The ground floor was reserved for married couples. Sam had the narrow single bed extended with a plank of wood that had its temperamental days. Sometimes it behaved and stayed up with its hinges and sometimes it did not. When it dropped down, it threw whoever was sleeping at the edge off the bed, without warning, onto the floor.

The person sleeping at the edge had two definite disadvantages. Firstly, you could be thrown off unceremoniously onto the floor unannounced. Secondly, if you slept on the edge, you would have to get up when the milkman knocked on the door at some unearthly hour. And wash the milk pan. Very quickly I worked out that I was better off sleeping near the wall and I don’t think Sam found out for a long time why I opted to sleeping near the wall.

The room was tiny and had a bed, a table and a single built-in cupboard which housed all of Sam’s belongings. When we landed Sam was astonished that I needed to share his cupboard and table. He was delighted that we were married and were going to play Housie -Housie, but he had not worked out the logistics of married bliss and sharing shelves in confined spaces.

We used to get our meals in a yellow enamel floral tiffin-carrier one of the wedding presents we had brought from Singapore. It had 5 compartments held together by a metal frame clipped at the top. It used to hold rice, a curry usually a sambhar or rasam , a vegetable and some curd. It was not much but we always managed to share it with our friends who came to visit.

On Sundays we were treated to 4 pieces of meat that lay in a thin film of gravy .  Sometimes we would squeal in delight at the smell of the 2 pieces of fried fish that wafted out when we opened the tiffin carrier. On a salary of Rupees 120/- that was all we could afford.   We were poor but we were deliriously happy .

Sam’s friends used to drop by and visit us and I was shocked at all the classified information they had on the girls. When men gossiped they call it Update. I found out more about some of my hostel mates in MIQ, than I did in all the years that I lived in Womens Hostel, before I got married.

When one of the wives in MIQ became pregnant and started morning sickness in the early months, the retching and vomiting would be transferred  the occupants in the rooms above and below their room. People who lived around the couple would get to know that lady was pregnant, before the parents did. Pregnancy was a passport to move to one of the houses on the hospital campus with a tiny living room, a tiny bedroom, a tiny bathroom and a tiny kitchen. An actual Tiny home.

Its funny how your first home and your last home are so similar in space and function. We downsized to move into Anandam, a retirement community at the foothills of Kodaikanal after we retired.  It reminds me so much of our early beginnings as a couple in CMC.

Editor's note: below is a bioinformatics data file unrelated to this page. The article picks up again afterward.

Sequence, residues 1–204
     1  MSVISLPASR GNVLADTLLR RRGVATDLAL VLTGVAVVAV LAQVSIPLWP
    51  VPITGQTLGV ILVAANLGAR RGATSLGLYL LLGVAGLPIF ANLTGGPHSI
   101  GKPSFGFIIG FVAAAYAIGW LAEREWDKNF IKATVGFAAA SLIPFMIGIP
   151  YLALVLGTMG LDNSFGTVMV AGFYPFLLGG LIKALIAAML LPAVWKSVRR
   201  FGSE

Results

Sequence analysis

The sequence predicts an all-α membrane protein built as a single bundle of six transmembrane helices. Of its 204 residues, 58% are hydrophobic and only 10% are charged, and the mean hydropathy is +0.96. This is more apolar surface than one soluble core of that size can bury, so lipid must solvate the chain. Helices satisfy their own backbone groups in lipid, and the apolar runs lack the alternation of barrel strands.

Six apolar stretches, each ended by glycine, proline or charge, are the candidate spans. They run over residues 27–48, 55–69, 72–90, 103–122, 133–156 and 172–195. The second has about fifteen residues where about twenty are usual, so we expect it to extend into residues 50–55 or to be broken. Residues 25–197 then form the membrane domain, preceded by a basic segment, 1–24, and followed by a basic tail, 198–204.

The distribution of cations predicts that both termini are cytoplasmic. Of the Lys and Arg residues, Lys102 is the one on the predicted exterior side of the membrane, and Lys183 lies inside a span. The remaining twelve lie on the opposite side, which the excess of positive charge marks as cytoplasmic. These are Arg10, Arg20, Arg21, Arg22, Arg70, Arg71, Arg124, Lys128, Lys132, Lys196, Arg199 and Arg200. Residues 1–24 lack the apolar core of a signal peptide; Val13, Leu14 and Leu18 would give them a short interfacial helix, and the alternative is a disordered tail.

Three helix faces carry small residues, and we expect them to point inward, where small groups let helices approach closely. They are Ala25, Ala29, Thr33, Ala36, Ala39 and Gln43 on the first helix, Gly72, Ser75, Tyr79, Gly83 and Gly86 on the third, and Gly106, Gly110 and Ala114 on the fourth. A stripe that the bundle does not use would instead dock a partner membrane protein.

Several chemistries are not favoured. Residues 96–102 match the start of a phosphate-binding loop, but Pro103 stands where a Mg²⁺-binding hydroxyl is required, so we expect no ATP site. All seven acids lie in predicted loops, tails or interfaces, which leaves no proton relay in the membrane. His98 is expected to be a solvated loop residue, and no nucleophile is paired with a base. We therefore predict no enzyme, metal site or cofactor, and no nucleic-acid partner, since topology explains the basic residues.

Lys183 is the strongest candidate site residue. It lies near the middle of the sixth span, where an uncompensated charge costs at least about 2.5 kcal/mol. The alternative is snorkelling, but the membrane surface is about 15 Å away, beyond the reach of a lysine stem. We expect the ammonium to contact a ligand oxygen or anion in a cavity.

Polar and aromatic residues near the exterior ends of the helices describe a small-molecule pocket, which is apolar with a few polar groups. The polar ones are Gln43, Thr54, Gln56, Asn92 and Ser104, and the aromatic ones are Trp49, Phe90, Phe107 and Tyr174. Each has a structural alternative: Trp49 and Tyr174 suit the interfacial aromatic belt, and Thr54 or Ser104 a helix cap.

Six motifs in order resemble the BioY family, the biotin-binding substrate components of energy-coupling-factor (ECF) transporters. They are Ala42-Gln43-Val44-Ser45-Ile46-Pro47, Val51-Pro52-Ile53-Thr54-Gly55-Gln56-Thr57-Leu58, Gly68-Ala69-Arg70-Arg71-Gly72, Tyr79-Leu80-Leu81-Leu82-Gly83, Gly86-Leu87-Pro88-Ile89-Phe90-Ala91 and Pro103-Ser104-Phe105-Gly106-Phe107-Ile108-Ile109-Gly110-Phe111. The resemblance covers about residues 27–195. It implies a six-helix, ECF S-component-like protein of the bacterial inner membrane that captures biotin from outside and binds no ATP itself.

Compact living. A stainless tiffin carrierwith 5 compartments that brings us our meals on wheels from the Cafeteria. No vast plinth area to clean. A chatty milkman who rings the bell at some unearthly hour. Squeals of delight when something from the ordinary surprises us when we open the vegetarian tiffin carrier.

The only difference is that I insisted on 2 bathrooms in the 1000 sq feet retirement cottage when the plans were drawn. Banging on a bathroom door in the morning, cross-legged with a full bladder is good way to ruin a good marriage that started in a single room in the Mens Internes Quarters , CMC, Vellore and survived the journey that followed.


Bhutan’s first eye camp

Bhutan in the early 70s had an elderly population who were sight challenged because of cataracts.

Responding to a need to address the ophthalmic challenges that were prevalent in great numbers at that time, Sam wrote to  Professor, Dr. Anna Thomas the Ophthalmic Surgeon at The Schell Eye Hospital of the Christian Medical College and Hospital, Vellore. As students, we had attended eye camps that she conducted in the villages with her team, restoring sight to the villagers with minimum fuss and bother.

The team would start work in the evening using the darkness of the night to do the ophthal screening they would normally have done in a dark room. Patients would be prepped for Surgery in the morning. Sister Soshamma who had worked with Dr. Thomas for years knew her every move and placed the correct instrument in Dr. Thomas’ outstretched hand during the operations every time. As did Somu , the Paramedic, their Man Friday, who accompanied them everywhere.